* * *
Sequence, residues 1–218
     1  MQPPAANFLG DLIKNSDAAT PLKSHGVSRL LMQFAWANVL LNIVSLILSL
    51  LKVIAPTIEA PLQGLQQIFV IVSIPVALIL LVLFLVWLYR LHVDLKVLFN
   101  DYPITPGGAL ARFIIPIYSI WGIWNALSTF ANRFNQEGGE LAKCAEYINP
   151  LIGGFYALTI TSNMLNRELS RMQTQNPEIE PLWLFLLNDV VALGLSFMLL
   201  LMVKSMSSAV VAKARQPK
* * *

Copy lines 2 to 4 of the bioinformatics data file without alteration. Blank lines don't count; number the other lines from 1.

     1  MQPPAANFLG DLIKNSDAAT PLKSHGVSRL LMQFAWANVL LNIVSLILSL
    51  LKVIAPTIEA PLQGLQQIFV IVSIPVALIL LVLFLVWLYR LHVDLKVLFN
   101  DYPITPGGAL ARFIIPIYSI WGIWNALSTF ANRFNQEGGE LAKCAEYINP